Narconon International President Fights Youth Involvement in Drug Cartel Operations
“If we help Mexican youth become part of the solution, they at the same time are freed from being trapped in the problem,” says Clark Carr
Los Angeles, CA (PRWEB) January 18, 2011
Youth involvement in violent drug cartel operations in Mexico has steadily escalated over the last several years. Case in point, a recent AP news bulletin from the City of Monterrey contained multiple mentions of youth connected to mainline cartel activities.
The report described US Navy capture of four suspects linked to drug-cartel activities, including two females under the age of 18. It also described an American-born 14-year-old boy who allegedly worked as a drug-cartel enforcer. The boy told reporters he had helped a drug gang behead four people.
“Mexican youth are prime recruitment targets for cartels,” says President of Narconon® International, Clark Carr, who spent much of 2010 in violence-plagued Mexican cities offering expertise and methodology to an overwhelmed network of Twelve Step drug rehabilitation centers. “Youth are highly vulnerable to the lure of wealth and status. Especially outside the big cities, in smaller towns, young people are growing up in an environment controlled by cartel gangs. It is no surprise that to many their picture of a ‘real man’ includes a machine gun,” Carr said in a recent interview. “As long as they have few other options, life within the organized structure of the cartels will continue to appeal to them.”
Carr has seen aggressive recruitment efforts by cartels first hand. He described a system that takes youth up a ladder of increasing commitment to the cartel and increasing willingness to commit violent acts and put their own lives on the line to serve the cartel boss. First duties are informal data gathering, which is easily done without alerting anyone they have aligned with cartels. They listen for information that might be useful and pass it on to established contacts. In one city, Carr says, he was warned not to talk too openly at restaurants as what he said could be overheard by roving youngsters. Kids might be given communications equipment, but no weapons. Before they are fully recognized as ‘trusted members’ of the gang, they must prove their commitment through violent acts. Sometimes, these are forced upon them.
“The way we are reaching youth is by offering something they can live for instead of kill for,” Carr says. “When young people see how much they can help another human being, how valuable and admired they can be as ethical, caring persons, the effect on them is profound.” One important tool he has been using to help educate youth is a booklet of common sense values and good life choices called The Way to Happiness. Narconon with help of drug rehab center volunteers and other youth has distributed over 100,000 copies of this book in Mexican cities and towns in 2010.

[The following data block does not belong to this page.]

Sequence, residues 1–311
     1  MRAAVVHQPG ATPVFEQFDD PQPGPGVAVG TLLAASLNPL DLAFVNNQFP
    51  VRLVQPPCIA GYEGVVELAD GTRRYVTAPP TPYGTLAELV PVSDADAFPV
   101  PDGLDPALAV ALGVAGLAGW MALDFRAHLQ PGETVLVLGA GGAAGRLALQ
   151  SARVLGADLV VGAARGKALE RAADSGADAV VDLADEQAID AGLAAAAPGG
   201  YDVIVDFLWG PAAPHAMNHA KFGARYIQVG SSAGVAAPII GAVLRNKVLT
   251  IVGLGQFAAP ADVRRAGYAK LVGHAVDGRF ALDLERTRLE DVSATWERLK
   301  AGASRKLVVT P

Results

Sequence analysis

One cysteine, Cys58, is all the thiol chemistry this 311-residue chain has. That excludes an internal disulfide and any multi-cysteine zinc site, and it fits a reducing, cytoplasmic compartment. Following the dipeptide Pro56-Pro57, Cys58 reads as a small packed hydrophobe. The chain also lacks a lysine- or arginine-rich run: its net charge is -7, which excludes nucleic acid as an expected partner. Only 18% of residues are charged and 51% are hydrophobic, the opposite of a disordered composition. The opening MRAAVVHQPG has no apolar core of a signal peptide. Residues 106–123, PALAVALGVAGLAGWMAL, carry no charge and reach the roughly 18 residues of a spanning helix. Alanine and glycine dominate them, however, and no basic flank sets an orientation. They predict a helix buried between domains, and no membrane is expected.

Drug rehab centers sometimes have former gang members as addicts in recovery. “Certainly, drug addicts are potential cartel recruits,” says Carr. He has been training recovering addicts instead to become withdrawal specialists through the Narconon First Step Program to help one another and other addicts kick years-long drug habits. These youth in recovery simultaneously work to free themselves from their own addictions as they train to help others. The Narconon First Step Program is a highly effective regimen of nutrition, individual and group exercises, and communication procedures that break the hold of methamphetamine, heroin, and other drugs without the use of substitute drugs. The First Step procedures greatly reduce physical suffering and strongly improve self-confidence and personal sense of well being. “There is much, much more to do,” says Carr. “Narconon will continue this work in Mexico throughout 2011.”
“A New Year’s Resolution parents everywhere should make for 2011 is to do all they can to dry up the $320 billion drug market (as of a 2009 UN report) that fuels international drug trafficking and drug cartels, such as those devastating Mexico,” says Carr. Authorities worldwide agree that unless the demand for drugs can be drastically reduced through expanded drug education, prevention, and rehabilitation, drug-related violence will continue to escalate. The worldwide Narconon network is dedicated to preventing drug abuse as well as to rehabilitating those who have become addicted.
For further information on the Narconon program and the Narconon First Step, visit http://www.narconon.org or call 1 800-775-8750.
For the original version on PRWeb visit: http://www.prweb.com/releases/prwebnarconon/drugrehab/prweb4977554.htm